As New Delhi took steps to shift its military doctrine, it simultaneously implemented changes to give political leaders options for targeted retaliatory strikes. New Delhi’s decision to launch limited special forces operations and targeted air strikes aimed at terrorist camps inside Pakistan in 2016 and 2019 demonstrated its determination to change the rules of the game and undermine the Pakistani nuclear deterrent that has served as a shield for its state sponsorship of terrorism. Despite the risk of escalation, New Delhi’s strategic calculus now seeks to raise the cost to Pakistan when it employs terrorism against India, in effect calling Islamabad’s nuclear bluff. From New Delhi’s perspective, moreover, any use of nuclear weapons would face massive retaliation in line with India’s nuclear doctrine—labelling nuclear weapons as “tactical” or “strategic” makes no difference.
India’s targeted military strikes against terrorist targets in Pakistan also had one main secondary objective: to deter a potential dual conventional military threat from China and Pakistan. This wider strategic context became evident when the People’s Liberation Army (PLA) attacked Indian forces in June 2020; the Galwan Valley clash saw 20 Indian soldiers killed. Seeking to bolster deterrence against Beijing, New Delhi deployed nearly 70,000 soldiers along with heavy weaponry and air assets, including drones, to maintain the status quo along the Line of Actual Control (LAC) with China. Nonetheless, the situation on the LAC remains far from settled. Despite multiple rounds of de-escalation talks, the PLA continues to encroach into Indian-controlled territory, resulting in violent confrontations.
Fragile Stability and Escalation Risks
These armed clashes are not exceptions to an otherwise tranquil strategic environment but signal one characterized by increasingly fragile stability and significant potential for escalation amidst greater space for limited conflict. Unlike the United States and the Soviet Union during the Cold War, China, Pakistan, and India are more likely to resort to force to protect or advance their strategic interests despite the possibility of a nuclear exchange. For New Delhi, protecting the status quo is paramount, and as India’s economic and military power has grown so has its political willingness to challenge the aggression of its nuclear-armed neighbors. Similarly, China’s increasing assertiveness is a function of its political boldness, national prestige, the development of a more capable military to field a spectrum of missions, and the competition for primacy in East and Southeast Asia. Pakistan’s declining political influence and geostrategic significance mean little to India, which must live with a nuclear-armed revisionist neighbor that has made terrorism a principal instrument of statecraft.
Against the backdrop of such a charged environment, restraint is an elusive prospect for these nuclear-armed states. It is not surprising that the costs of deterrence will keep rising along the multi-axis nuclear chain.
Implications for U.S. Policy
America’s own nuclear modernization program is not taking place in a political or strategic vacuum. There’s no guarantee that U.S. self-restraint would convince China, India, Pakistan, or other nations to do the same either in the nuclear or conventional realms. Similarly, there’s no assurance that self-imposed restrictions by Beijing or New Delhi will not be exploited by Washington or Islamabad. Given the interlocking connections, there is no real way to tame the multilateral nuclear competition as long as broader strategic considerations remain unaddressed. This is troubling for nuclear non-proliferation efforts, but it is entirely predictable.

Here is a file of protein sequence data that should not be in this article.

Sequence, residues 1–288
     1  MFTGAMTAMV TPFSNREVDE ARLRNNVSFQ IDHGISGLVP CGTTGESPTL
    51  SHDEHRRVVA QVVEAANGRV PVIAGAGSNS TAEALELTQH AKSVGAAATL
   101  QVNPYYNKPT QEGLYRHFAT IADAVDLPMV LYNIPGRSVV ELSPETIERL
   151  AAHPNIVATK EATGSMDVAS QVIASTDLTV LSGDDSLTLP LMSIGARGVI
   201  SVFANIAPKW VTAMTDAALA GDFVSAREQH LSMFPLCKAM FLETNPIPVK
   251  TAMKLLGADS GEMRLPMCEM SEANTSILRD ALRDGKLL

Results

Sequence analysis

Still, some options can lower the temperature by moving strategic competition away from the military and nuclear arenas. The economist and strategist Thomas C. Schelling coined the term “the diplomacy of violence” to emphasize that the power to harm serves as a form of bargaining power and exploiting it serves as a form of diplomacy. Today, it’s important to ensure that America’s China policy does not rely too heavily on military strategies. This does not mean the U.S. should restrain its military modernization or change its general Indo-Pacific strategy, but it does mean that an exclusive focus on defense could come at the cost of other options.
While India recognizes China as a strategic challenge and bolsters its conventional and nuclear deterrent capabilities, New Delhi aims to manage its competition with Beijing as they are permanent neighbors. The reality of geography compels them to co-exist, compete, and advance their strategic interests in each other’s spheres of influence beyond the military realm. Due to Islamabad's enduring perception of India as a permanent enemy, this sort of managed competition remains missing from the India-Pakistan relationship. Pakistan’s image of India as an enemy and its revisionist agenda privileges military competition and makes it difficult to improve relations.
Rather than fall into the trap of prioritizing military competition, the U.S. should adopt a multifaceted strategy that combines economic, military, and diplomatic elements to counter China effectively. In many ways, the U.S. is already pursuing this broader strategy, as U.S. Secretary of State Antony Blinken outlined in the phrase “invest, align, compete” to manage the complex U.S.-China relationship. To that end, the United States should work more vigorously to navigate tensions with Beijing and avoid unnecessary escalation, proactively raise concerns regarding Chinese lending to developing countries while participating in Chinese-created institutions like Asian Infrastructure Investment Bank, and harness America’s own technological advantage to challenge Chinese censorship.
This approach integrates economic, diplomatic, and asymmetric measures with military ones to produce a strategy that decreases the risk of a nuclear chain reaction without sacrificing American interests.
Nishank Motwani is a Non-Resident Scholar at the Middle East Institute and an Edward B. Mason Fellow at Harvard Kennedy School. He holds a PhD in strategic and security studies from the Australian Defence Force Academy, University of New South Wales.